Last June, an inspection of the ship in Chile found "deficiencies" in its propulsion and auxiliary machinery, including gauges and thermometers. Subsequent inspections in New York in September of 2023 did not reveal any deficiencies.

In 2016, the Dali was involved in an accident at the port of Antwerp. The cargo ship collided with a quay while attempting to exit the North Sea container terminal. A subsequent inspection found a structural issue with the vessel, described as “hull damage impairing its seaworthiness.”

How Often Do Bridges Collapse?

Between 1960 and 2015, there were 35 major bridge collapses around the world due to ship or barge crashes, which resulted in 342 fatalities. Eighteen of these major bridge collapses occurred in the U.S.

The most serious collapse in the U.S. after a ship or barge collision was the Sunshine Skyway bridge collapse in Tampa Bay, Florida, which killed 35 people in 1980.

Other recent bridge collapses in the U.S. caused by ships or barges:

  • Queen Isabella Causeway Bridge Collapse (Texas, 2001) which killed 8 people
  • I-40 Bridge Collapse (Oklahoma, 2002) which killed 13 people
  • Popps Ferry Bridge Collapse (Mississippi, 2009)

There is evidence that the Francis Scott Key Bridge had previously been struck by a ship, without incident.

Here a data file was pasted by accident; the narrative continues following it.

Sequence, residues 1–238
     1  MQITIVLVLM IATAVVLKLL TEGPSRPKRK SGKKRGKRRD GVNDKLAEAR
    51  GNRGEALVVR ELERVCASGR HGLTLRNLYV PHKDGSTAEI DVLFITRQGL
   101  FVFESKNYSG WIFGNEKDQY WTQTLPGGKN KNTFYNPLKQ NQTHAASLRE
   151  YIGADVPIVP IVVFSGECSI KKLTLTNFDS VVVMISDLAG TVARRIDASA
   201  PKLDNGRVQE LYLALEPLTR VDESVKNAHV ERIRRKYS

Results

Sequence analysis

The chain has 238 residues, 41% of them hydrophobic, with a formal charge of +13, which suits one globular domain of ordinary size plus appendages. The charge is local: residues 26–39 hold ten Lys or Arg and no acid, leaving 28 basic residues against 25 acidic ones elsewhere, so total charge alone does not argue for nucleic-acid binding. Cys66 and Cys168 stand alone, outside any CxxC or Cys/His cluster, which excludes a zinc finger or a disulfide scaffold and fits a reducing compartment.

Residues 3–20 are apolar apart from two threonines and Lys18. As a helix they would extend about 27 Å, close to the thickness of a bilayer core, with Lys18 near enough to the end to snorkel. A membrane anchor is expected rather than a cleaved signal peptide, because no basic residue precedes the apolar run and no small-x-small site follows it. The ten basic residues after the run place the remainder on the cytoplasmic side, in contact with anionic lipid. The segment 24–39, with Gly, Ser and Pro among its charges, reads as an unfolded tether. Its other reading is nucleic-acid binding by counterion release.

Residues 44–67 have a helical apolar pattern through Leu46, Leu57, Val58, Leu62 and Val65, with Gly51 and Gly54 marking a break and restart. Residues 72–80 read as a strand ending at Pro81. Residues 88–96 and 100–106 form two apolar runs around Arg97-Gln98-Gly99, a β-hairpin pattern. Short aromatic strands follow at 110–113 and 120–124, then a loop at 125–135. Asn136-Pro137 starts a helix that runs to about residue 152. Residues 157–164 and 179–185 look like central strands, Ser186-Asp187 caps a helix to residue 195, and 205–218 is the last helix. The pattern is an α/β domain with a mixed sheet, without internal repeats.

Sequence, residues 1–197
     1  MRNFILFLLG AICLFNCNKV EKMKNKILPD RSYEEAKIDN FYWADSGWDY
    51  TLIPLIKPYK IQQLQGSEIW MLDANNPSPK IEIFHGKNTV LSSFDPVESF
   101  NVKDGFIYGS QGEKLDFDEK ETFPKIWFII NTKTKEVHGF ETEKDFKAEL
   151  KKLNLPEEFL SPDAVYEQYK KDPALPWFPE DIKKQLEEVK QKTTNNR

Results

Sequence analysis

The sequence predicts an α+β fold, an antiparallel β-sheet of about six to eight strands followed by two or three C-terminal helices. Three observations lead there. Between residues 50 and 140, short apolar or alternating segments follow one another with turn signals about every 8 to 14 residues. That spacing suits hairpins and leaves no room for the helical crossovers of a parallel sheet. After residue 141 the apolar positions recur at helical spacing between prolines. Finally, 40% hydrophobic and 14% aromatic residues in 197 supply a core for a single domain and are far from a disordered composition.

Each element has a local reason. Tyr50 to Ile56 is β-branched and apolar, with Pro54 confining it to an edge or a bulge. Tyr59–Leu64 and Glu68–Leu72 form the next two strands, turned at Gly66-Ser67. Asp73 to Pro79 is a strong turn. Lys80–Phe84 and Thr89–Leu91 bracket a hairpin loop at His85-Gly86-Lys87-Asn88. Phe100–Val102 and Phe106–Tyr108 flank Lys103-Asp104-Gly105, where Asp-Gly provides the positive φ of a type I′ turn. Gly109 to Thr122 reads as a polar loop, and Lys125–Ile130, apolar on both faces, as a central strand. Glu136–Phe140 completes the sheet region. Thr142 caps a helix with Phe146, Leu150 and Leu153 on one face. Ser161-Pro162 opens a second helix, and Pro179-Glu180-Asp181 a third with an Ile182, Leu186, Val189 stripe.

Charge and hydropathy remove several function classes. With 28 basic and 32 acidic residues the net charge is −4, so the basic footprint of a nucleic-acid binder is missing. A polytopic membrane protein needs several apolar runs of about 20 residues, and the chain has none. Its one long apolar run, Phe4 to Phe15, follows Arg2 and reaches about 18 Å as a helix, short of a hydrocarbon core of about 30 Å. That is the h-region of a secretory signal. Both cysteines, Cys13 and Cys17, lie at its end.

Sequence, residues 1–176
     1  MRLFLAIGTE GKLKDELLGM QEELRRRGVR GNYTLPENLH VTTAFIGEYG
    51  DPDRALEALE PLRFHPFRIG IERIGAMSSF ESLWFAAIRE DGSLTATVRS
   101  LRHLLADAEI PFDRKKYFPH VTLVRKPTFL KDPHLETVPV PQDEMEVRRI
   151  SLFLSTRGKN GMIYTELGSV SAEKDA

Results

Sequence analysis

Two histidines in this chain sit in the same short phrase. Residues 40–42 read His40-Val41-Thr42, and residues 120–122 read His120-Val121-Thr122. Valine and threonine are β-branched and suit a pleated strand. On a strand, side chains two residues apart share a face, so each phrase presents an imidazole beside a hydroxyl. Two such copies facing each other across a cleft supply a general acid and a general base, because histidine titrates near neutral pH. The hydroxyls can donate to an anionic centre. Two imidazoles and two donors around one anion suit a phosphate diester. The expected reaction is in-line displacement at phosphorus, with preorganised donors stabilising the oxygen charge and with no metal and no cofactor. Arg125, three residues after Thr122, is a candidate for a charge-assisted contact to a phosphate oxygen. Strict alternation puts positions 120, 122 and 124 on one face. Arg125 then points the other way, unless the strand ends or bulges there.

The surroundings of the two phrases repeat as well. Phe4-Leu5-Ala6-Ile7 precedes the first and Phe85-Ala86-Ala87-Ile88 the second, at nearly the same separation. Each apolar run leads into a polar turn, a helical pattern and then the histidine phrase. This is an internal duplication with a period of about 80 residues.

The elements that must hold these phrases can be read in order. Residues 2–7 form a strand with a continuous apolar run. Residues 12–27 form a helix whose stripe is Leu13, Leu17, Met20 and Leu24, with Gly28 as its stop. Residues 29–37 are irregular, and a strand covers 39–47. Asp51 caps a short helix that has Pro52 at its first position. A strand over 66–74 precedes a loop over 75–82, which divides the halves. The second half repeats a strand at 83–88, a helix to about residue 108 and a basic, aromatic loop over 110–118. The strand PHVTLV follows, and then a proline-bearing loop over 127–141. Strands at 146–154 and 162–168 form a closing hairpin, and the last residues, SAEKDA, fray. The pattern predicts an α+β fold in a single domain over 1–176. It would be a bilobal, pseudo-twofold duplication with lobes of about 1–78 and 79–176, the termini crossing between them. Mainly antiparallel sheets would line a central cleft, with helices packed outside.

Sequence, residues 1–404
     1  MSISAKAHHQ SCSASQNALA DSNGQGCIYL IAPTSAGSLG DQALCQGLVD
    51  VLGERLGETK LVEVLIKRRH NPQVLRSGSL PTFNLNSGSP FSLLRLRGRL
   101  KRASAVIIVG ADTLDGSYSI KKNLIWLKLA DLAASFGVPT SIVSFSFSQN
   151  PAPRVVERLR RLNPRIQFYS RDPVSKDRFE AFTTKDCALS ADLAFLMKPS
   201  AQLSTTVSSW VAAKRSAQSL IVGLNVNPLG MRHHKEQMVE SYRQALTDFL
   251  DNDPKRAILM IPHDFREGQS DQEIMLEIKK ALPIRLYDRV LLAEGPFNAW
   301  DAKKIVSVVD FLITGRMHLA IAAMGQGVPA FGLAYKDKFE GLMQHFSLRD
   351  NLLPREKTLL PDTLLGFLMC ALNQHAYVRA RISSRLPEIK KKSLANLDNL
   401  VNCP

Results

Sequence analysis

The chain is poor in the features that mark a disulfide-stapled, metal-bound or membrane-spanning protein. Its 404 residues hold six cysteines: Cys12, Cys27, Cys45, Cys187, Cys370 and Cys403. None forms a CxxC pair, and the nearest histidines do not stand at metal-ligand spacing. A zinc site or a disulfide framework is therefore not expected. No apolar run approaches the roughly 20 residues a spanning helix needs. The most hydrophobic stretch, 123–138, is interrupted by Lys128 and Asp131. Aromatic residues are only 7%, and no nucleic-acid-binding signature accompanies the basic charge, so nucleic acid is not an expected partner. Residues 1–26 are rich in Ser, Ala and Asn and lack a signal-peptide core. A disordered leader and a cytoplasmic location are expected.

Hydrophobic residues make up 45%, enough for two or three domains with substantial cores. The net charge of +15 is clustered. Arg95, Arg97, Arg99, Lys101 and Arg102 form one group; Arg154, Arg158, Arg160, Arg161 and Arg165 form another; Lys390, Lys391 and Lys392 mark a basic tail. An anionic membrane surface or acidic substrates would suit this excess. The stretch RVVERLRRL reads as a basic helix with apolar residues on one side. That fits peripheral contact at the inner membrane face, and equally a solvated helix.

Bridge Collapse Attorneys with Billions in Verdicts and Settlements Across All Practice Areas

The attorneys at Wisner Baum have been litigating bridge collapse lawsuits for decades. Our proven track record in these cases goes back to 1989 when we were retained to represent clients following the Hatchie River incident, one of the worst bridge collapses in U.S. history.

Our bridge collapse attorneys understand what it takes to win cases against major corporations. We have the experience and resources needed to vindicate your legal rights and maximize compensation for our clients. We represent clients on a contingency fee basis, which means we only make money if we are successful in earning compensation for you. Contact us today for a free case evaluation.